Author Archives: Siyabonga Myeza
Mornings are cooler, most air chills the face, mist and thick clouds loom on the horizon. The days are becoming shorter and pleasurably cooler, although still warm on sunny afternoons. Occasional storms, rain, and thick mist have returned. Autumn, the season of new growth and new beginnings in the Bokkeveld has arrived. Continue reading
GCBC seeks to conserve and restore the biodiversity of the Cape Floral Kingdom, covering a vast stretching from the Karoo to the adjacent marine environment of the West Coast, while delivering significant benefits to the people of the region. The Greater Cederberg landscape represents a significant part of the Cape Floral Kingdom, covering a wide range of altitudes and extending across climatic and habitat gradients http://www.cederbergcorridor.org.za/about
Avontuur is situated in the far north of the GCBC planning domain, near the northern tip of the Bokkeveld plateau. Conservation of this unique property contributes significantly to the tapestry of conserved environments in the GCBC, with three vegetation types: Fynbos, Dolerite Renosterveld and Tillite Renosterveld.
Noel Oettlé and Siyabonga Myeza recently wrote a handbook for managing soil and water in a sustainable way: “A Practical Manual for the Conservation of Soil and Water” is now available on line, you can download it for free here. S&W Conservation Manual We have written this book to provide a simple and accessible guide to caring for the soil and the myriad plants and organisms that live in and depend on it.
Much of the practical experience that this book is based on is drawn from our work in the Suid Bokkeveld and on the Avontuur Nature Reserve in the North Bokkeveld, in the Nieuwoudtville area in the Northern Cape South Africa. It has also been enriched by previous experiences in Lesotho and KwaZulu Natal, and fertilised by the other practitioners who have contributed their experiences to the WOCAT (Wold Overview of Conservation Approaches and Technologies) and to Ken Coetzee, whose advice and guidance in relation to the rehabilitation of degraded lands on Avontuur has provided invaluable.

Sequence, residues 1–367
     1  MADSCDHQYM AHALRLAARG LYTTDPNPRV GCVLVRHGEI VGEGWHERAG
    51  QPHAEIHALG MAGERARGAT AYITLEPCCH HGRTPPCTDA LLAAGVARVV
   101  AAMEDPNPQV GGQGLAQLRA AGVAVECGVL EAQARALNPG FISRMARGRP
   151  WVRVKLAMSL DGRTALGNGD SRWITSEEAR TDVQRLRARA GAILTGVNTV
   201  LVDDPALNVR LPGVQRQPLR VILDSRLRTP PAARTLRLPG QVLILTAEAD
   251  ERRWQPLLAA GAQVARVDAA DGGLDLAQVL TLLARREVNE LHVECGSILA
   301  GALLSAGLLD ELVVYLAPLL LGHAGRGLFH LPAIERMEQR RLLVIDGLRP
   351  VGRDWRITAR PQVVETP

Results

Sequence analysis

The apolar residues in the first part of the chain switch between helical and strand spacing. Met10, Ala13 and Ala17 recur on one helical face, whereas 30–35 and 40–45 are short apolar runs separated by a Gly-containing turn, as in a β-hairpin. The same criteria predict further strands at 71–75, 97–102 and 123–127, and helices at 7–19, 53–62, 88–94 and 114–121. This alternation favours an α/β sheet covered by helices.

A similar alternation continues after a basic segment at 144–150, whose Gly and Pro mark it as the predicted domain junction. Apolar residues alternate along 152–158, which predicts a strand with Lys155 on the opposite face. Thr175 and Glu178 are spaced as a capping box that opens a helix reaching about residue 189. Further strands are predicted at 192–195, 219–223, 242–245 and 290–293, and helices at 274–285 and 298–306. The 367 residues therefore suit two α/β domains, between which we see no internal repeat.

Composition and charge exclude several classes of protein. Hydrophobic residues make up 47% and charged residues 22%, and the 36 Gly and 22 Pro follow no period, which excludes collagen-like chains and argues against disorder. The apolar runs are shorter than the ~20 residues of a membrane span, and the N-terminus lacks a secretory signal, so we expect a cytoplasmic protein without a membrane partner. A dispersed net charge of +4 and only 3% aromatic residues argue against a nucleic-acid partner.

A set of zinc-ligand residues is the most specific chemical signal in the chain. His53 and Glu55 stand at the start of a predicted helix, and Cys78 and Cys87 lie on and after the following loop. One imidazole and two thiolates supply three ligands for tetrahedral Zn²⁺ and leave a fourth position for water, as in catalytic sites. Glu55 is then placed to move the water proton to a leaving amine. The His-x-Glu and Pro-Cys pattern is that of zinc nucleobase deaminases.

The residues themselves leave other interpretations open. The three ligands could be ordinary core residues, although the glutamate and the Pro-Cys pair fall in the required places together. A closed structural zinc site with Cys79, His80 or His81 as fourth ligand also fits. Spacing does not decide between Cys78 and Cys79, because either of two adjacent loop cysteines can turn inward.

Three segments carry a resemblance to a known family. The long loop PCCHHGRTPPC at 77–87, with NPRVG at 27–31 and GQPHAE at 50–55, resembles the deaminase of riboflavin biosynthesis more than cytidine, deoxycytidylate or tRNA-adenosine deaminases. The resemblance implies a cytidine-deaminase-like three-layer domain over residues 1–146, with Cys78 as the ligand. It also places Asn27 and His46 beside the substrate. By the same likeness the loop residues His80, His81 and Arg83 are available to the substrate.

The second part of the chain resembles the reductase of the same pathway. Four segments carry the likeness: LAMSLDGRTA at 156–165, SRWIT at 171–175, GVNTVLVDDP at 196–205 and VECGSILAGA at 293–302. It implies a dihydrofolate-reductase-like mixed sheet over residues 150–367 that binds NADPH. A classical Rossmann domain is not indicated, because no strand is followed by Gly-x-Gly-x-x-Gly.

In this book you will find easy to understand diagrams and links to other related resources.
A knowledge sharing short film on soil rehabilitation in the Bokkeveld, Northern Cape, South Africa. Through practical experimentation over the past six years on the Avontuur conservation property innovative methods of soil and water conservation have been developed with the support of UNDP’s GEF Small Grants Programme. The Hesselmans, a small-scale farming family were inspired by this work and decided to apply what they had learned on their land to improve their livelihoods. Film available on this link Healing the Land
EMG’s work with small-scale rooibos farmers in the Northern Cape has been highlighted in a chapter of a new book “Living Land” co-published by the UN Convention to Combat Desertification (UNCCD) and Tudor Rose for the United Nations Decade for Deserts and the Fight Against Desertification (2010-2020).
Vulnerability to land degradation on a global scale is driven by a combination of a changing climate and patterns of land use. Addressing climate change requires co-operation at a global scale. Ensuring appropriate land use requires local action.
According to the UNCCD, the new book is a powerful outreach tool for sensitizing the public about land degradation problems and the mobilizing efforts that are taking place around the world.
You can access the digital version of “Living Land” via this link to the publisher’s website
On the 5th and 6th of October Dr David T Bilton from Plymouth University in the United Kingdom visited Avontuur. David is an Associate Professor and Reader in Aquatic Biology at the Marine Biology & Ecology Research Centre in the Faculty of Science and Engineering at the University. He was accompanied by his colleagues Dr Stacy DeAmicis and Dr Andy Foggo.
David has a longstanding interest in water beetles. He has travelled widely in Africa, the UK, the Middle East and in continental Europe, studying and sampling these fascinating water organisms. In South Africa he has been doing fieldwork since 2008, working mostly in the Western Cape, where lots of the beetle he finds are new to science. His visit to the Matsikammaberg last year produced 4 new species, for example, three of which are only known from this mountain. He is hoping the Bokkeveld may render some interesting water organisms too. Other sites he has sampled at are the Injisuthi area in the KZN Drakensberg, the Cape Peninsula and parts of the Cederberg in the Western Cape and, more recently, the Bokkeveld and Hantam plateaus in the Northern Cape.
These are the tools used to search for and catch beetles in water bodies. The beetles vary in size so the catching nets also vary.